Clinical Infectious Diseases, January 8, 2019

Jose Paulo Pereira, Jr Melanie M Maykin, Zilton Vasconcelos, Elyzabeth Avvad-Portari, Andrea A Zin, Irena Tsui, Patricia Brasil, Karin Nielsen-Saines, Maria E Moreira, Stephanie L Gaw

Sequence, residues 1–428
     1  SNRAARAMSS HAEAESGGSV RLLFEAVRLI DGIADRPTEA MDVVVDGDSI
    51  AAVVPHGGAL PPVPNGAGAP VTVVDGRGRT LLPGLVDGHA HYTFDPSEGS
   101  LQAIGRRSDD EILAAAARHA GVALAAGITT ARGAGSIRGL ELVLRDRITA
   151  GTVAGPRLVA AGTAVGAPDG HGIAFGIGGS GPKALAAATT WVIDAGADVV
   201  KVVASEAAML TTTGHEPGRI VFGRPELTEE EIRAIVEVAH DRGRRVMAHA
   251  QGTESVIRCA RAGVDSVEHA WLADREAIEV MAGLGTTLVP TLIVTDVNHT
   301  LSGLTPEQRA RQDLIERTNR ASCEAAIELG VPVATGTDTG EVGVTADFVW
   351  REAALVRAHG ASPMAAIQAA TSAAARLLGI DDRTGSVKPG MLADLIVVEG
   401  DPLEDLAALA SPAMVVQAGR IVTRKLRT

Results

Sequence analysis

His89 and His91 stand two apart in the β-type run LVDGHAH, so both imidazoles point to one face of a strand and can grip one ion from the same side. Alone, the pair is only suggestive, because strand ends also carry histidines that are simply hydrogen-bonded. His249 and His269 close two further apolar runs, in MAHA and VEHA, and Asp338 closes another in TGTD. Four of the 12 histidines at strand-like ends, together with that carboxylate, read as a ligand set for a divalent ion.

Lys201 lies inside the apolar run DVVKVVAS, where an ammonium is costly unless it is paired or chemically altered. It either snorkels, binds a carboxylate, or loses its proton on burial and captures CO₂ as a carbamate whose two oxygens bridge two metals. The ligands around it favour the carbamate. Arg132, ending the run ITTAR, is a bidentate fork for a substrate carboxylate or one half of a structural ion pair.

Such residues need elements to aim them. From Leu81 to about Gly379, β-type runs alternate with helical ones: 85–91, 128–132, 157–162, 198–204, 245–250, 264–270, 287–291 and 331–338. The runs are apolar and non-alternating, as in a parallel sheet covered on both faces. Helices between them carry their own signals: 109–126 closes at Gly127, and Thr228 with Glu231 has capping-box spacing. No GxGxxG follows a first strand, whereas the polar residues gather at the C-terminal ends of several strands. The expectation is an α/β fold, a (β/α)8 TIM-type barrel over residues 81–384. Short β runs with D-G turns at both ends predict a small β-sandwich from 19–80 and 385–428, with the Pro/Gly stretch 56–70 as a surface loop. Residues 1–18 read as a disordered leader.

The identification of Zika virus (ZIKV) from the amniotic fluid of 2 fetuses with severe central nervous system (CNS) abnormalities in 2016 was the first evidence of vertical transmission of ZIKV. ZIKV has since been established as the etiology of congenital Zika syndrome (CZS), characterized in its most severe form by microcephaly and severe CNS malformations, with rates of adverse pregnancy outcome exceeding 40% in some studies. Prenatal diagnosis of CZS informs management of the pregnancy and care of the ZIKV-exposed infant. However, the optimal method of prenatal screening and diagnosis of ZIKV infection remains undetermined. Testing is complicated by the asymptomatic course of most infections, the narrow window of viral RNA detection in maternal serum and/or urine, limitations in maternal serologic testing due to delayed sero-conversion, and false-positive results from cross-reactivity with other flaviviruses. Amniocentesis, the gold standard for prenatal diagnosis of vertical transmission in other infections, has not been routinely recommended in cases of suspected CZS, due to the invasive nature of the test (which carries a small risk of pregnancy complications), the limited data available to guide the timing of testing and interpretation of results, and limited therapeutic options. Available data on the performance of ZIKV detection in amniotic fluid have been limited to isolated case reports and small case series of confirmed CZS that have reported a total of 27 cases.

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